And that may be the best answer yet for why I view my inanimate projects as if I had designed them to evolve on their own: it's an acknowledgement that, more often than not, the process takes me down paths that I could not see at the outset.  I began with a goal and a vision on how to get there, but in the process of writing rules outlines and flowcharts, of prototyping, testing and tweaking, the journey revealed other interesting paths that I simply could not resist.

It's experiencing the unexpected that make me feel less like I'm in control and more like I'm playing a game--the game of game design.

But I am in control, of course--at least to the point of making the final decisions, of choosing the next branches of the decision tree to climb, and finally declaring when I reach the top, "This is what the game wants to be!"

Wednesday, February 5, 2014

POSTCARD FROM BERLIN: I Got Rhythm


My latest article in the Postcard From Berlin series on Opinionated Gamers website describes by fascination with the rhythms of life.  I've enjoyed learning to play various percussion instruments over the past several years, and it is also interesting to look at the rhythm of boardgames and how that plays into our enjoyment of them.


Thursday, August 22, 2013

Game Design Kit


German boardgames are naturally a favorite gift I’ve enjoyed giving to friends and family back in the United States. In addition to that, I used to design an original boardgame for my two nieces as a Christmas present every year.  It’s not easy to shop for them when we live an ocean away from each other, and this was a way I could give them something personal. I also did try to theme many of the games around activities they enjoyed.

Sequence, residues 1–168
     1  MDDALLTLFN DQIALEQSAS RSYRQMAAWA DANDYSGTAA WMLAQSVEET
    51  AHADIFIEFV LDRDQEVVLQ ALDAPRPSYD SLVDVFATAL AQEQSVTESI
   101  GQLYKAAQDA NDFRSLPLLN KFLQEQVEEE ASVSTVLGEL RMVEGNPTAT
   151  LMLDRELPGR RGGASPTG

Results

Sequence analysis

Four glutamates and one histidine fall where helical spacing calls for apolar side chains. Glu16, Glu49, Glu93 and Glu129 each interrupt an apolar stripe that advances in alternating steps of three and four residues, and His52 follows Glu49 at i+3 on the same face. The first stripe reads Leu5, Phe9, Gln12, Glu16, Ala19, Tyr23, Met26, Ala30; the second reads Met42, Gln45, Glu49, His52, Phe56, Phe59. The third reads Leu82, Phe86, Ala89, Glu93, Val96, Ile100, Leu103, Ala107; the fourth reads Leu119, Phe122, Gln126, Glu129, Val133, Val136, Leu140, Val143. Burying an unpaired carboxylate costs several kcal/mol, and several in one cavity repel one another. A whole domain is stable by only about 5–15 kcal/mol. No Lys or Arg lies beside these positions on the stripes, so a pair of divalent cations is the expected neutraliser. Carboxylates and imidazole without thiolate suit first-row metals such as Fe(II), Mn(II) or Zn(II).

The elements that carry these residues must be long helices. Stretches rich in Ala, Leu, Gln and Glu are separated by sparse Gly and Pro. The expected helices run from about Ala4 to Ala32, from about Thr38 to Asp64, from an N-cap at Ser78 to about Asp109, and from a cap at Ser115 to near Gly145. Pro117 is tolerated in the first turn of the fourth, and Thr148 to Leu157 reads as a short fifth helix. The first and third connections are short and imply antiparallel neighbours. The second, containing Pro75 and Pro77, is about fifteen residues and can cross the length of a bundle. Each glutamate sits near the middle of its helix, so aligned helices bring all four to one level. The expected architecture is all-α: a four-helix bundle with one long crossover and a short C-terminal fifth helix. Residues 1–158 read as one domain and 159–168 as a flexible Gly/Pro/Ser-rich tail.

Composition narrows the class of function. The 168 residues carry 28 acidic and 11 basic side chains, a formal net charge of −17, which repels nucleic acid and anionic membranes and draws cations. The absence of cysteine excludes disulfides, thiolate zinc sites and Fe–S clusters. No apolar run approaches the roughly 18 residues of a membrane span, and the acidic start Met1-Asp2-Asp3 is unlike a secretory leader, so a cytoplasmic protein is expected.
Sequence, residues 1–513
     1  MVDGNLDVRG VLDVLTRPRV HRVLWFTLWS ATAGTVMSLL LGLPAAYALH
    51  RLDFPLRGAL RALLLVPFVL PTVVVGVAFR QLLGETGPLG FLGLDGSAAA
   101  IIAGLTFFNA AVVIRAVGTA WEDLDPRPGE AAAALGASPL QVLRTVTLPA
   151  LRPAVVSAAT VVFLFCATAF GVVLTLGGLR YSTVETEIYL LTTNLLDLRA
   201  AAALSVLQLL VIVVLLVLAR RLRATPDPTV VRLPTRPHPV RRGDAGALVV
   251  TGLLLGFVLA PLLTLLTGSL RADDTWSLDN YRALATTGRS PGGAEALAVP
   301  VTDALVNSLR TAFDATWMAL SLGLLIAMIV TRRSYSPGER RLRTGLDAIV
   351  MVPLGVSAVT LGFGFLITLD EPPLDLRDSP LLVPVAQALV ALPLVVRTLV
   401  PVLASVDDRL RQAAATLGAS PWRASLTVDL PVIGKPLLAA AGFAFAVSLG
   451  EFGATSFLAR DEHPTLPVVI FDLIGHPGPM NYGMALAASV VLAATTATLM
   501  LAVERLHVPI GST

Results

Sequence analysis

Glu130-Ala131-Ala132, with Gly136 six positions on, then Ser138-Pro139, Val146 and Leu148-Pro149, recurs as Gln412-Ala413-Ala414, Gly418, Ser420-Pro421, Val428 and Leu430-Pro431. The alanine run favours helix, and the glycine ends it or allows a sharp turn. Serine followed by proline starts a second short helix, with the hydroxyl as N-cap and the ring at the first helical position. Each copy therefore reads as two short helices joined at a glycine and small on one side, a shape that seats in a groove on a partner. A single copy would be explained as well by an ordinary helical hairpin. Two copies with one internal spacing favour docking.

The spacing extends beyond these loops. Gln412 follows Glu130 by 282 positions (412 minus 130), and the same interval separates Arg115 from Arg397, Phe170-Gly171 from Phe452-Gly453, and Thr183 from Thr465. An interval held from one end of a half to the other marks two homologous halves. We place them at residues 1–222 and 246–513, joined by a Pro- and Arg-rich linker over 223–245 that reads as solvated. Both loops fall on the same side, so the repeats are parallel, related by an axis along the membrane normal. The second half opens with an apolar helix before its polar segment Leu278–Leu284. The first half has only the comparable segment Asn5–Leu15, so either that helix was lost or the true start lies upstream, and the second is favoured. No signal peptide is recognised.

When my designs began to get published, I gave them those as gifts. Now that they are older—and very creative—I thought I would instead give them the materials to be game designers themselves.

A year and one-half ago I sent them a “game design kit” with materials ordered from Spielmaterial.  They included a blank game box, a deck of blank cards, a blank fold-out game board, a 6-color die, one large pawn, 6 normal dice in 6 colors, and large and small wooden discs and “meeples” (human-shaped figures) in 6 colors.


Wednesday, July 24, 2013

Two New Games, Freshly Squeezed and Uncovered